Legends Never Die
The Four Traits of Legendary Events
How does an event like TED become an event like TED?
The are only a few live experiences—conferences, meetings, and festivals—that transcend from great events into legendary events.
We looked at these legendary events—including TED, SXSW, Dreamforce, Coachella, Burning Man, and Sundance, among others—and then analyzed their formative years.
The following are the four core differentiators shared by these legendary events.
Create a Founding Presence
The founding presence may be a person, a group of people, or a purposeful vision. It provides the framework for world-building that gives systems a symbolic meaning and, ultimately, sets a new reality.
The presence is accessible, but mysterious. It keeps fact-checkers at bay by limiting interactions with outsiders. Its strong beliefs inspire risk-taking that turn into stories of greatness. TED, for example, crafted a strong founding presence based on three simple words that encompasses their mission, vision, and values: "Ideas worth spreading."
Coupled with the organization's namesake acronym, "Technology. Entertainment. Design.," the TED message is broad enough to encompass a wide-range of inspirational topics and talks, but limited enough to make their mark on specific areas of thought-leadership.
Intertwined Microcosms Within Destinations
Spread throughout a city or compressed into a designated space, events breathe a life of their own, but also interact with and permeate throughout their environment. Their very being is informed, influenced, and involved within the fabric of their host ecosystem.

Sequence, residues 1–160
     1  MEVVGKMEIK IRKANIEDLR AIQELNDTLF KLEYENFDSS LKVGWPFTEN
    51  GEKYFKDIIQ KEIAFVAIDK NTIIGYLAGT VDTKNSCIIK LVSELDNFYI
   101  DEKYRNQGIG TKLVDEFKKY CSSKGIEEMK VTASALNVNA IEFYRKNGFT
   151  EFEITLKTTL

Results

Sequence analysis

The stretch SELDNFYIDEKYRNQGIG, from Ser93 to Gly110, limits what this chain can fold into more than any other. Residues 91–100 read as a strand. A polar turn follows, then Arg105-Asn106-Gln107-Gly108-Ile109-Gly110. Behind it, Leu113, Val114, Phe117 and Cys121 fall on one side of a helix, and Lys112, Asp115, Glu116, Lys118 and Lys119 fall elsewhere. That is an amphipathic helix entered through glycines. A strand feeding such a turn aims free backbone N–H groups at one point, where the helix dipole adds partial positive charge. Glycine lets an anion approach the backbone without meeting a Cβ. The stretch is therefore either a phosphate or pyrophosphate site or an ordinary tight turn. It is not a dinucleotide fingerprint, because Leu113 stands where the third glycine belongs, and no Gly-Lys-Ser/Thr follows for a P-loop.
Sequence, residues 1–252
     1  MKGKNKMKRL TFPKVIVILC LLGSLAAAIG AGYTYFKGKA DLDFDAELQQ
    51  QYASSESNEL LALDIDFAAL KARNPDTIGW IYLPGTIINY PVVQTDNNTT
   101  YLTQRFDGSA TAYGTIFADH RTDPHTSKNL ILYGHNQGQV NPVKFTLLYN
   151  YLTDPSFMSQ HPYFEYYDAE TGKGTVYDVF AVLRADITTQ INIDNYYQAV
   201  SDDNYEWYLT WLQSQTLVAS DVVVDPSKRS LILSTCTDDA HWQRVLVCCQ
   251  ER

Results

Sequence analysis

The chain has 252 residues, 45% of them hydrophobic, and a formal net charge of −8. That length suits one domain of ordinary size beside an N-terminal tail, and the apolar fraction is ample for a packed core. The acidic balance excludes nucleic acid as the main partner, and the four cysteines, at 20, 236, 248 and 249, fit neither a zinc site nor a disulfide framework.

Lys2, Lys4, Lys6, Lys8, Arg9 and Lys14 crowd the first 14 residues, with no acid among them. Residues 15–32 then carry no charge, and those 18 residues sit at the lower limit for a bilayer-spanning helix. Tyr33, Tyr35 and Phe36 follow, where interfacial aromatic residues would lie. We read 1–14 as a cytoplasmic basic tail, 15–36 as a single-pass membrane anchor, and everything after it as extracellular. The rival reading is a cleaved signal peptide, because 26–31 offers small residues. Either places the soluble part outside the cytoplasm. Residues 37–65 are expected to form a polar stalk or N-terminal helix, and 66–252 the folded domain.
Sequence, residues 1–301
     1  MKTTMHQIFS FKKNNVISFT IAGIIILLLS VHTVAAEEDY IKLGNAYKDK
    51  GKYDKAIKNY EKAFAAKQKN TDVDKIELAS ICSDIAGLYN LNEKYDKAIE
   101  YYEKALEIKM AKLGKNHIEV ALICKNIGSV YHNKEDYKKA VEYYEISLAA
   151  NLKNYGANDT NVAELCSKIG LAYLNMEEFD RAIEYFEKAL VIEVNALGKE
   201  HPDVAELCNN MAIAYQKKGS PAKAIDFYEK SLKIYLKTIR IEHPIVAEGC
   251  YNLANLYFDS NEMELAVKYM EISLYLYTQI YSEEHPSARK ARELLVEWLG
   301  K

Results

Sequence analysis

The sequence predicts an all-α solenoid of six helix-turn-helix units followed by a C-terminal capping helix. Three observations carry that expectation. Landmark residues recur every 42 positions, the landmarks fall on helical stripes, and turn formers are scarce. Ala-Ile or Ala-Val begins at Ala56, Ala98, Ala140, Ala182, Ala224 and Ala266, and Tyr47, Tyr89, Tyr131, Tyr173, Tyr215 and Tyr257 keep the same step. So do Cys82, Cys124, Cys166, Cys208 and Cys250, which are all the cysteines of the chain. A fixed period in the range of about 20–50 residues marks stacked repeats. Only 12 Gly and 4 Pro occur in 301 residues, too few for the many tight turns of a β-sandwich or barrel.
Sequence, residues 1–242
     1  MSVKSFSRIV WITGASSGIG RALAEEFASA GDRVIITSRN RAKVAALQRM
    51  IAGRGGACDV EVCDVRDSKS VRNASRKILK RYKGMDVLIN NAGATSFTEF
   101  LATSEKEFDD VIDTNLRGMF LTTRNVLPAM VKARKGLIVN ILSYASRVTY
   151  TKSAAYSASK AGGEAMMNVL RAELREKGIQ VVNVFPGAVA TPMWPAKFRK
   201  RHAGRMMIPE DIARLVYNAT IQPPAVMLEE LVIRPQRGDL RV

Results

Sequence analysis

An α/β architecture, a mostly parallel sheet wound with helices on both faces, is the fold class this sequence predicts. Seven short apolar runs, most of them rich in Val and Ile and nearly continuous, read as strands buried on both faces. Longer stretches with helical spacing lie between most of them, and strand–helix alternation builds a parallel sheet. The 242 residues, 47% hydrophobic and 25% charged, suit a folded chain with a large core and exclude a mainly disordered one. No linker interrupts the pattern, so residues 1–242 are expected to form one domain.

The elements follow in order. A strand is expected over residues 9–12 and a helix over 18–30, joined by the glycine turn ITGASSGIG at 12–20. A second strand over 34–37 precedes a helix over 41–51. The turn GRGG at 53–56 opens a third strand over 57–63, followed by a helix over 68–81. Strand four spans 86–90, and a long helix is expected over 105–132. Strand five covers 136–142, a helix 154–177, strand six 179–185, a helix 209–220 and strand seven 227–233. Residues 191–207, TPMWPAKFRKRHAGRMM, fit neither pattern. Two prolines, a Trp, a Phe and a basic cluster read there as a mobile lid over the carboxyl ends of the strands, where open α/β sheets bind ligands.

Their identity is formed and amplified by what they bring to and take from their destination. Their aura is rooted in an authentic relationship with their host, which directly influences the look, feel and mood of the event.
Craft Your Two Standout Pillars
Every event is built upon common pillars: format, content, brand, audience, exclusivity, etc. The great events are able to make one of those pillars standout. The difference between a great event and legendary event: legendary events are built on two standout pillars.
Each legendary event has a different set—often it is location and format, sometimes it is audience and exclusivity—but there are always two highly unique, standout pillars on which they are built. Take Burning Man for instance.
Looking something like an alien invasion, Burning Man's some 70,000 attendees take over the same location year after year. Black Rock City, a temporary community erected for the festival in Nevada's Black Rock Desert, has become an internationally famous destination for one week of each year.
A celebration of community, art, culture, and self-expression, the event becomes one fluid interactive performance, both formally facilitated and informally born between camps, all culminating in the burning of a wooden statue, some years up to 100 feet tall.
You could certainly say location and format have allowed Burning Man to become legendary.
Great events drive their audiences to interconnect as communities. These communities create status and reward attendance as a badge of honor. However, legendary events move past communities, past happy advocates, and quickly inspire and initiate Disciples.
The great events master the use of perception to change behavior. They make ever-increasing demands to drive deeper loyalty. They enable disciples to amplify suspense and build mysteries. And, most importantly, they provide purposefully incomplete experiences where disciples create their own legacies.
Remember, as The Sandlot taught us, "heroes get remembered, but legends never die." Take these tips and go make your next event legendary.